A number of people have asked why I am writing a blog. A few have asked if it is a form of therapy, and the answer is decidedly NO. I am also not writing so you’ll read it, or read it and “like” it. I’m not trying to gain a following.
I’m writing because I wrote as a kid, as young adult. I carefully observed what was going on in me and around me, I let connections occur within me, and then articulated what I’d processed. I used to do this primarily in poetry. I like blog posts because, like poetry, daily blogging requires me to make clear, focused connections in short lengths. When I thought about starting a blog, I wrote a long list of things to possibly write about, but I haven’t consulted the list. I don’t need to. Every day things happen. Every day I observe and connect.
Anyway, I blog because it works a muscle I haven’t used in many, many years. I find daily yoga practice does more for me than I ever could have imagined, so I believe the same will be true with daily writing. It’s great to post publicly because I want to move way beyond journaling and be bolder in my vulnerability and perhaps open the door to conversations with others. I’m exploring not only what it means to be human, but specifically what it means to be a grownup–mature, full, and joyous–no matter what the circumstances. I feel my mind and heart growing with each post.
So read it or don’t. Like it or don’t. I don’t care.
Recently my son and I watched Akira Kurosawa’s film Ikriru (translation: To Live). Wantanabe, the main character, finds out he is dying and has lived a very safe, predictable, isolated life. The film follows his quest to find meaning in his final days. He is intrigued by a young, vivacious woman. I thought he was falling in love with her. She grows tired of him wanting to be with her every moment. Actually, though, he was desirous not of her, but her passion and joy. She tells him she loves working in the toy factory; she imagines playing with all the children of Japan with the little toys she helps make.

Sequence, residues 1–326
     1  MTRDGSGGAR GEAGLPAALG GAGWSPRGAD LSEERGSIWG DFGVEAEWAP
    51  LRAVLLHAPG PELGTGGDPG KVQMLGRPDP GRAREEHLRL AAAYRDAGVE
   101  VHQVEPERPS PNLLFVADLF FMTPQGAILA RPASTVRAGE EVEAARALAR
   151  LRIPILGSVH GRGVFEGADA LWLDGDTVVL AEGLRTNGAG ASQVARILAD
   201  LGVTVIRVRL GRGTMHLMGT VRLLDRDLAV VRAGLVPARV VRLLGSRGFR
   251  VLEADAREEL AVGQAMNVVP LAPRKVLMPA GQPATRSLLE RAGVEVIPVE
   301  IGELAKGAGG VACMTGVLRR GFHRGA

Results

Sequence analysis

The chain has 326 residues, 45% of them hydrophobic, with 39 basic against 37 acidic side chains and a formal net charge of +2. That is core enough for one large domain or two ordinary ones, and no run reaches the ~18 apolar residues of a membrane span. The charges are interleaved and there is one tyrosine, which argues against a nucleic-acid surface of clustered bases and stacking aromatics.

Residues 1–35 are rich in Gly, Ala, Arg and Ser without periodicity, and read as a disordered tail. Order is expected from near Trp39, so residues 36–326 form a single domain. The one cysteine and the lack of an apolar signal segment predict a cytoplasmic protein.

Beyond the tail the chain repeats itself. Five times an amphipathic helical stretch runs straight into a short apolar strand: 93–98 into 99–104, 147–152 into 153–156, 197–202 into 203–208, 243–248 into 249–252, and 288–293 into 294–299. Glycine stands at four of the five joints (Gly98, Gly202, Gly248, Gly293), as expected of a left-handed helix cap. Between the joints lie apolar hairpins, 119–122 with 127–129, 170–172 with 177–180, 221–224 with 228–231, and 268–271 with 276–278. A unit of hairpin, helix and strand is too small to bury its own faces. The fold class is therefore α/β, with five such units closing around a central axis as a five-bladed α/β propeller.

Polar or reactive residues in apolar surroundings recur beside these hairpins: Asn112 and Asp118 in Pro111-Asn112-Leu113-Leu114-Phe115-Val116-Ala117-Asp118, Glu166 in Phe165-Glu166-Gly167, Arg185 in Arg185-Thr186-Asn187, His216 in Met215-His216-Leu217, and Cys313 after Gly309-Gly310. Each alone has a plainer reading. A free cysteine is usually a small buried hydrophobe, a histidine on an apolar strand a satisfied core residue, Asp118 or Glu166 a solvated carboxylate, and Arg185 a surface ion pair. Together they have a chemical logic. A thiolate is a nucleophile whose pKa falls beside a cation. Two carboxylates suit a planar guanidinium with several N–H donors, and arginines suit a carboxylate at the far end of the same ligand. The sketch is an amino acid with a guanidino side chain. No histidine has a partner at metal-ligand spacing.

He suddenly understands that he needs to make something of his own–and it is not too late. He chooses to build a playground, and the image of Wantanabe on a swing is symbolic of his commitment and vision.
For those of us who are creative, the need to create is reason enough to create. We don’t make things, do things, write things because anyone wants it or needs it or will even pay attention to it. It comes from a mysterious place. And I have found that not creating (in my case, not writing) has left me disconnected from the deepest parts of myself.
I trust that if I do what I am built to do, I am on the right path.
In Ikiru, Wantanabe’s associates are truly surprised and moved by his expressions and efforts at the end of his life. But they ultimately return to their lives as they were and don’t follow his bold lead. Kurosawa dares us to live fuller, creative, and joyous lives.